Biden Approves Second Jones Act Waiver to Address Fuel Shortage
The Department of Homeland Security has approved temporary Jones Act waivers for two Gulf Coast refiners, allowing them to ship cargoes of fuel aboard foreign-flag vessels to areas on the East Coast that have been affected by the Colonial Pipeline shutdown.
The recipients of the waivers have been identified as Valero and Citgo. According to Reuters, Citgo will use the waiver to transport 200,000 barrels of petroleum products from Louisiana to New Jersey. Valero is said to be making a comparable shipment.
Last week, a ransomware attack on midstream company Colonial Pipeline resulted in a shutdown for the East Coast's most important fuel supply line. The Colonial Pipeline transports about half of the gas, diesel and jet fuel used along the eastern seaboard. While the attack was isolated to the company's IT system, it took down its operating system computers as well in order to ensure that the spread was limited.
Widespread gasoline shortages have been reported in the Southeast, where the supply chain is most dependent on the Colonial Pipeline. Shipping is one of the primary alternatives to the pipeline, but this requires sourcing immediately-available tonnage. In the U.S., coastwise transport is legally limited to vessels that are built, flagged, owned and crewed in the United States. When such vessels are not available when there is a pressing need, the Department of Homeland Security has the authority to temporarily waive this requirement for national defense purposes.
In an address on Thursday, President Joe Biden said that limited Jones Act waivers had been issued "as part of an effort to use every possible means to accelerage fuel deliveries."
"We’ll grant additional waivers if necessary. These steps are temporary, but they will remain in place until full service is fully restored," Biden said. "This is a whole-of-government response to get more fuel more quickly to where it is needed and to limit the pain being felt by American customers."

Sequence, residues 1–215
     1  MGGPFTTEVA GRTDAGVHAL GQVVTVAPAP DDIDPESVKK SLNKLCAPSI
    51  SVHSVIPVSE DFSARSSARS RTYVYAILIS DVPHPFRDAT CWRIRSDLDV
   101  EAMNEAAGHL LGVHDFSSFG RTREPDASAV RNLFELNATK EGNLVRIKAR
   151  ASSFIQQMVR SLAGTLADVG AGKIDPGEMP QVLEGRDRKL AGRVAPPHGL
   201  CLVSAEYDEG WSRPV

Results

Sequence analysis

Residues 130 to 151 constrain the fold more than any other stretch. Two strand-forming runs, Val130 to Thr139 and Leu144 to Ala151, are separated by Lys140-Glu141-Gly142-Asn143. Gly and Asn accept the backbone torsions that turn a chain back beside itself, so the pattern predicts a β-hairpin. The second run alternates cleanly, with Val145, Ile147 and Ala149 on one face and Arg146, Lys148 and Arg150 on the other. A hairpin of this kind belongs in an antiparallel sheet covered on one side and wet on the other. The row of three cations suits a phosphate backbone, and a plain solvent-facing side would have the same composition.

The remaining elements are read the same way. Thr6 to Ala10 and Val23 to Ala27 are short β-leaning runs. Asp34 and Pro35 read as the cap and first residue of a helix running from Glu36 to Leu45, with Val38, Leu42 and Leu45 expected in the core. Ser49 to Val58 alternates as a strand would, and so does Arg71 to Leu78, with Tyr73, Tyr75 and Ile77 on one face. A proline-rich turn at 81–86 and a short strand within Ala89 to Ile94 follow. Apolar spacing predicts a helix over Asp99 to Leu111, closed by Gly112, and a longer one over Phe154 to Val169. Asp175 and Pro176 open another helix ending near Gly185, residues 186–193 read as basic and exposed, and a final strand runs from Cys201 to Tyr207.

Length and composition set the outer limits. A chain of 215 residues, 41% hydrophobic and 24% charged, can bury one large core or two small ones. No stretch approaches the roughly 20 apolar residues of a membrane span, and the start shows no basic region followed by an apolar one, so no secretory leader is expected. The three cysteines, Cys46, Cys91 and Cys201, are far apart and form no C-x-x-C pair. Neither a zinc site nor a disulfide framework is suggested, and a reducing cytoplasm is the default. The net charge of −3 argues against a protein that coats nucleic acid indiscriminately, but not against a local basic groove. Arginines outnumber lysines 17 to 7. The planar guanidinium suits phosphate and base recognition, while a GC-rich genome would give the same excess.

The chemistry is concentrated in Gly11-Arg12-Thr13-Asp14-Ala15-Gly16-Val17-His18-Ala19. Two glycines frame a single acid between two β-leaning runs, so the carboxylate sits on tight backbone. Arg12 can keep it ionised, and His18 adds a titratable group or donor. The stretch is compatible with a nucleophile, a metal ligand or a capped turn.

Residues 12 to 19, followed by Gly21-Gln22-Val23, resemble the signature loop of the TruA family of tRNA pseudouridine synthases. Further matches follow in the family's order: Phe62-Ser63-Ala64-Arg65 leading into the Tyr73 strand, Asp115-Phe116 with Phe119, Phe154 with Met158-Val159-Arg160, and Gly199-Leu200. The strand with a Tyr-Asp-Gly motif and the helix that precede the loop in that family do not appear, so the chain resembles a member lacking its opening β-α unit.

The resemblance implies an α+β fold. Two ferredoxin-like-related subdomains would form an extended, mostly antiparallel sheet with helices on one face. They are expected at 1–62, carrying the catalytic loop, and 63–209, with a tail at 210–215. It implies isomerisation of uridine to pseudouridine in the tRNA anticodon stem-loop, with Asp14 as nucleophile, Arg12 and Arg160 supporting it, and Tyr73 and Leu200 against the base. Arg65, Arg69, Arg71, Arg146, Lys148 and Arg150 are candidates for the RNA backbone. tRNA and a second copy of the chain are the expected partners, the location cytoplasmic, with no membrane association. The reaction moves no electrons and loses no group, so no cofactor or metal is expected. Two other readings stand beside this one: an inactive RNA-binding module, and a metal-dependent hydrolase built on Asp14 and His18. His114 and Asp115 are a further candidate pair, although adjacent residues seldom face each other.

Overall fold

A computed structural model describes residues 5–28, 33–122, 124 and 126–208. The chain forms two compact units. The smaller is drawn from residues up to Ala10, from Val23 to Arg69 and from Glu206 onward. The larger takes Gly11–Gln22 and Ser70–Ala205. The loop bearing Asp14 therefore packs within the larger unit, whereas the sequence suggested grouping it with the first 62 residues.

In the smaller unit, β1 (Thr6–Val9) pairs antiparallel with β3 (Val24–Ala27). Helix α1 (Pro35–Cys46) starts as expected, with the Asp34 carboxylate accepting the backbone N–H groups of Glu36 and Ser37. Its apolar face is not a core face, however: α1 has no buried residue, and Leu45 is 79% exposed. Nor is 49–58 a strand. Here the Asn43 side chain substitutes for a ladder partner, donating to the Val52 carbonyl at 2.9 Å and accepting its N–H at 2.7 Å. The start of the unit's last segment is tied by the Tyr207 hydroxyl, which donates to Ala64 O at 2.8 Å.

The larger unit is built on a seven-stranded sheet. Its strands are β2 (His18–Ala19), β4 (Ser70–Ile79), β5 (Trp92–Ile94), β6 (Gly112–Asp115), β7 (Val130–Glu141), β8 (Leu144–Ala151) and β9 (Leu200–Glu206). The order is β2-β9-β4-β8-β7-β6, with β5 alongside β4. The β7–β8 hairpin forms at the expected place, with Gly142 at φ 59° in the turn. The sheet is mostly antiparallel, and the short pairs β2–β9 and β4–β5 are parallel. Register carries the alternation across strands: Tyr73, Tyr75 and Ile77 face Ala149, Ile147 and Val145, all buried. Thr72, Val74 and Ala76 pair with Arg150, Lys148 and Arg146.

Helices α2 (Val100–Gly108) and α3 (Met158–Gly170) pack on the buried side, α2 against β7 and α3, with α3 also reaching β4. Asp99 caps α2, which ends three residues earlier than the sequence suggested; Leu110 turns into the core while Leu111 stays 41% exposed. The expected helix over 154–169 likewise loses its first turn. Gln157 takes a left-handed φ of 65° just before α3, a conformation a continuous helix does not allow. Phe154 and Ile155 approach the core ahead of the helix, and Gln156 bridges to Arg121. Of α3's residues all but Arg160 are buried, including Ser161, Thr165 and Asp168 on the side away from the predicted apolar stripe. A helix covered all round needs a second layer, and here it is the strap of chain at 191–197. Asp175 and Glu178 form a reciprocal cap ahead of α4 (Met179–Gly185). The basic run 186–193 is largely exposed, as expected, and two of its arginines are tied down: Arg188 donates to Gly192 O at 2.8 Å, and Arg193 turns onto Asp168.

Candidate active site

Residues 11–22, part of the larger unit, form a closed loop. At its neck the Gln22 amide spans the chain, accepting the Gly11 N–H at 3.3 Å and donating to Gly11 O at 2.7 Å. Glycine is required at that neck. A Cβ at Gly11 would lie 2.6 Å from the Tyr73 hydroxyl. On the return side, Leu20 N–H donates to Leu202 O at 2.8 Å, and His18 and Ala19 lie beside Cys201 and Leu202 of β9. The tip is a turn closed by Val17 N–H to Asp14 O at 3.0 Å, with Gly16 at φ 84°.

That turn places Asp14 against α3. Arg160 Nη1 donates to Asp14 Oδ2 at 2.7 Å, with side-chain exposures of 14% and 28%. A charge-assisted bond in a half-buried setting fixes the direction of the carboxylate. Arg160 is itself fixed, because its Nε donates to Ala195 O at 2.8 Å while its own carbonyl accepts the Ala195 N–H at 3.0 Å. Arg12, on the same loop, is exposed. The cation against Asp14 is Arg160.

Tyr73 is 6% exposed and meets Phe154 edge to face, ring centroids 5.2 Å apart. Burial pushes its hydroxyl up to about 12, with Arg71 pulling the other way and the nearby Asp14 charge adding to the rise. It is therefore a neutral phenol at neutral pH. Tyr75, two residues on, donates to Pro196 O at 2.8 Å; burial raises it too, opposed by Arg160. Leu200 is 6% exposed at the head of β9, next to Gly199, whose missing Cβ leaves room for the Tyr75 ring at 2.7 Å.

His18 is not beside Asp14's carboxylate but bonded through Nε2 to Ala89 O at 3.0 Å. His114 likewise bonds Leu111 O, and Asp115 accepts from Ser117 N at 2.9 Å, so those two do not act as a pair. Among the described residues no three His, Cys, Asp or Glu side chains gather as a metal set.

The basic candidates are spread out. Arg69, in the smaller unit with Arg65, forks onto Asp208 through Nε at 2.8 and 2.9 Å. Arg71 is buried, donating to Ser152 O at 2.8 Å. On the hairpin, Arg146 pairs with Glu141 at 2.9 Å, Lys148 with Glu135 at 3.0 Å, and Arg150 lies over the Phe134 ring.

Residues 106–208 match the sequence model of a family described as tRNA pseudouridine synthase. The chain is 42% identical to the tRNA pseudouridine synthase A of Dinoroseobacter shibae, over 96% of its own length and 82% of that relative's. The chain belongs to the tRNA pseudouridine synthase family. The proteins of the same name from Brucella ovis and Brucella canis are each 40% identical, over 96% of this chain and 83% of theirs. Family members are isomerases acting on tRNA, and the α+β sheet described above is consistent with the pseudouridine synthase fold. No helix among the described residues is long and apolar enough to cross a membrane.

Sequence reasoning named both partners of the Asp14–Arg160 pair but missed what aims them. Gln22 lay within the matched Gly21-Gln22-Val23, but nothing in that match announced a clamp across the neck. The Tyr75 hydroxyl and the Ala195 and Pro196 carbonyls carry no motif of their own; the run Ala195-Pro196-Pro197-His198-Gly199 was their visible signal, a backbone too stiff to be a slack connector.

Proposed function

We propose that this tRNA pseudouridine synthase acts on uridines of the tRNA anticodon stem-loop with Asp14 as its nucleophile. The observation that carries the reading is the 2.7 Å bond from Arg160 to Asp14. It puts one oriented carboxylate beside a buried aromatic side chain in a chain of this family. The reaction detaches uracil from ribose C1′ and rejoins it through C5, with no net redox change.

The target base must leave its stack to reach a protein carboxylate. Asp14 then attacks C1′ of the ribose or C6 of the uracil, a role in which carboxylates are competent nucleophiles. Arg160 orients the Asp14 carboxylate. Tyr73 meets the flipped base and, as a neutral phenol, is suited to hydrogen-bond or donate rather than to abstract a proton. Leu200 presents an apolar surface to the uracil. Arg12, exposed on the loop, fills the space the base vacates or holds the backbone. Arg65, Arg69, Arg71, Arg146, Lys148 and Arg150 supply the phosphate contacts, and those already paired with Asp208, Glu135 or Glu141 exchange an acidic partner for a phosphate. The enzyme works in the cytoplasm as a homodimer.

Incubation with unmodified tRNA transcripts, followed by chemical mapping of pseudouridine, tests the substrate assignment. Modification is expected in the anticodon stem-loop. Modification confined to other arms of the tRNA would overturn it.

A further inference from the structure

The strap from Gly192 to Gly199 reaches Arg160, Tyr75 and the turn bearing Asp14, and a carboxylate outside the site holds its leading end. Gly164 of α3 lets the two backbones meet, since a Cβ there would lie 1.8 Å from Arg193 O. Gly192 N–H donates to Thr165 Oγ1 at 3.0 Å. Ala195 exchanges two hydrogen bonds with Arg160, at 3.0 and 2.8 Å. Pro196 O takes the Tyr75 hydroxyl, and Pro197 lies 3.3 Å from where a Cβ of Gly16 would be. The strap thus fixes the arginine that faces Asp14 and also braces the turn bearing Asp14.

The Jones Act shipping industry has responded to the administration's waiver decisions with cautious approval, while warning against fuel traders or refiners attempting to "game the system."
According to the American Maritime Officers (AMO), industry stakeholders have been regularly consulted and kept updated as the U.S. Maritime Administration evaluates the availability of Jones Act-qualified tanker tonnage. The administration's decision to use targeted, company-specific waivers - not a blanket waiver - has been particularly welcomed by maritime unions and by the leading Jones Act industry association, the American Maritime Partnership.
The attack has highlighted the vulnerability of key U.S. infrastructure to cyberattacks by state actors and sophisticated criminals. It follows just months after the discovery of the sprawling SolarWinds intrusion, a highly sophisticated cyber-espionage attack on major U.S. government agencies and industry targets.
On Wednesday, President Joe Biden issued an executive order that requires the Commerce Department to issue tough cybersecurity standards for all software vendors used by the federal government. "It is the policy of my administration that the prevention, detection, assessment, and remediation of cyber incidents is a top priority and essential to national and economic security," wrote Biden. "The federal government must lead by example."
The requirement will likely have a welcome "cascading effect" in the software industry, improving the security of services used by the private sector as well, predicted former cybersecurity official Christopher Krebs in an interview with CBS.